Ways of continuing bonds with loved ones who have passed are myriad, and they don’t necessarily require any religious underpinning. I share news and jokes regularly with my husband. For the first wedding anniversary since Ken’s death, I wrote new vows, promising to love him from this day forward into eternity. I’m making a patchwork quilt from his clothes; this, for me, is beautifully symbolic of how our relationship still exists, just in altered form.

Continuing bonds not only allows for an ongoing relationship with a deceased loved one, but also for that relationship to grow and evolve over time. Although my grief is still pretty raw, the possibilities in that bring me truly consoling and restorative hope.

Neither should we fear that continuing the bond means denial or not accepting the death. Don’t we wake up every morning knowing that it happened? It simply means that there’s no reason to believe that our relationship with a loved one died with that person. It is a relationship, albeit in differing form. And we can have that, and hold it, for always.

Hello Louise. Thanks for posting this. I first read it on the excellent After-Talk website and thought at the time how touching yet powerful your piece of writing was. It’s done me good to see it again and it has come at just the right time. Thanks again for sharing.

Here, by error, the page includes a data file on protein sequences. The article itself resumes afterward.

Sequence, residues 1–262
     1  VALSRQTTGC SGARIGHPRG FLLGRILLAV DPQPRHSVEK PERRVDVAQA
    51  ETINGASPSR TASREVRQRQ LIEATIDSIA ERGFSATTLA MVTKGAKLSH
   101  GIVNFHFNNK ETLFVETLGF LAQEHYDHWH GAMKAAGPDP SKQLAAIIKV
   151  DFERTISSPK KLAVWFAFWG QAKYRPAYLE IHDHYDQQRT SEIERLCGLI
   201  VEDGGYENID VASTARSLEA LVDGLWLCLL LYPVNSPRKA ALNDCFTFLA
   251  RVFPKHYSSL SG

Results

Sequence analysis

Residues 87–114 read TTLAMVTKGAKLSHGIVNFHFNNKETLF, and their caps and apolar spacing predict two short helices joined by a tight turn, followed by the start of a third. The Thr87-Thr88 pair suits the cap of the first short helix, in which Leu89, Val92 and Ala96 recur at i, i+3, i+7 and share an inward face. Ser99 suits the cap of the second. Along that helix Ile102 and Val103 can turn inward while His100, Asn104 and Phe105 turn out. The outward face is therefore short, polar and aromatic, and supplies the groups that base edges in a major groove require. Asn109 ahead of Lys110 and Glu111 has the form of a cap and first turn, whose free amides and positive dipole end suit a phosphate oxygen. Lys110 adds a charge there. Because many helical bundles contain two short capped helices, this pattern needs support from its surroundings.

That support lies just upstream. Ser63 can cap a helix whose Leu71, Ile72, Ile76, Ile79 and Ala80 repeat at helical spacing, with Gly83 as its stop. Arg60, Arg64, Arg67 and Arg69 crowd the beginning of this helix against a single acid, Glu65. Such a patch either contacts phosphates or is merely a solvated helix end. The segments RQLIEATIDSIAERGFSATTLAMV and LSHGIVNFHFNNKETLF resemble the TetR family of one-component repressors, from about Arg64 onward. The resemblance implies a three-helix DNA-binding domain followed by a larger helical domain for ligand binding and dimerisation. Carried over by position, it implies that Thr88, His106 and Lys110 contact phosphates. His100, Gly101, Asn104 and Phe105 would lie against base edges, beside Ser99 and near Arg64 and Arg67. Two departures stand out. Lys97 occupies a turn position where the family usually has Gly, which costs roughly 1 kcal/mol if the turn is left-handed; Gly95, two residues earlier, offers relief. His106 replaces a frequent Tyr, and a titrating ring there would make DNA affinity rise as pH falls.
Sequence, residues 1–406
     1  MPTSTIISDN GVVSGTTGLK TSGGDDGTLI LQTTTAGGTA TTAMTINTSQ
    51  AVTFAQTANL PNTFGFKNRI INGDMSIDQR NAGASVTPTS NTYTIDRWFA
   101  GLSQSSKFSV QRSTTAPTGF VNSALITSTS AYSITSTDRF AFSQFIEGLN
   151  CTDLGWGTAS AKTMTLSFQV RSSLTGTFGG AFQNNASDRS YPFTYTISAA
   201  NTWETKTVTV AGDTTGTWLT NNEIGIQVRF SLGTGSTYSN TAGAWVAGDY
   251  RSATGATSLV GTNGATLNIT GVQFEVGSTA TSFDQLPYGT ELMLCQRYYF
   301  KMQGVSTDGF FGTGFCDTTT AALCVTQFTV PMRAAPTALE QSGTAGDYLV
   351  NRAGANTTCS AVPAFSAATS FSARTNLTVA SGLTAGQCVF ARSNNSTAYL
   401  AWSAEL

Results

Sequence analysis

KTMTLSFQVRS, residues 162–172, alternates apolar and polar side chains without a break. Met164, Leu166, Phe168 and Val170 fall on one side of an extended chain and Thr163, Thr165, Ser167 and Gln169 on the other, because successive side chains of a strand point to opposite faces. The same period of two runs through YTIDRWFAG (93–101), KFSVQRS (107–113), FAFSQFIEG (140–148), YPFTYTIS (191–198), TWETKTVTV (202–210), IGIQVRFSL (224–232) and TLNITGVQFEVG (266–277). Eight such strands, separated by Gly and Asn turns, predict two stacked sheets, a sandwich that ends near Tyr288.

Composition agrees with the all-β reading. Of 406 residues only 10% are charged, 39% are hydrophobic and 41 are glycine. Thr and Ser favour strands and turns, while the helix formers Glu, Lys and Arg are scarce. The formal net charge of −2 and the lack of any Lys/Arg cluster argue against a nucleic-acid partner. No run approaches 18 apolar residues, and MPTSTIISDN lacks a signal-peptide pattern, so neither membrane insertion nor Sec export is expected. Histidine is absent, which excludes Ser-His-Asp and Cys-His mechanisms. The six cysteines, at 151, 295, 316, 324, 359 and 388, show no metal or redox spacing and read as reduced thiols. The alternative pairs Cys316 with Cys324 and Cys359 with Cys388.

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I find this realy weid , icannot relate to this I am in a bad time at the moment , that I wish I was not here .

While continuing bonds has been the best way I know to move forward, Maddie, I still have those awful times just as you describe too. I didn’t want to be here yesterday either. I hope it gets different for you soon. I’m used to some people finding the idea of continuing a relationship however I can a trifle weird :slight_smile: xo

Of course it’s perfectly true too, that what’s good for one person, doesn’t necessarily work for another. Some people might work well with “Let go and move on” models of bereavement. Not this woman though :slight_smile:

A wonderful piece of writing - thank you. I will never let go of my adoring and adored husband. I will never move on nor do I want to. I talk to him all the time. I even shout him in to watch something on telly. Photos are in every room of our home. I look for his approval in all that I do. I am currently reading a book, written by Megan Devine, called ‘It’s ok that you’re not ok’ - in it the author mentions the unhelpful platitudes you speak of. It really is an excellent book and I quote “Some things cannot be fixed, they can only be carried.”
I also came across this quote:

Grief never ends but it changes.
It’s a passage, not a place to stay.
Grief is not a sign of weakness,
Nor a lack of faith.
It is the price of love…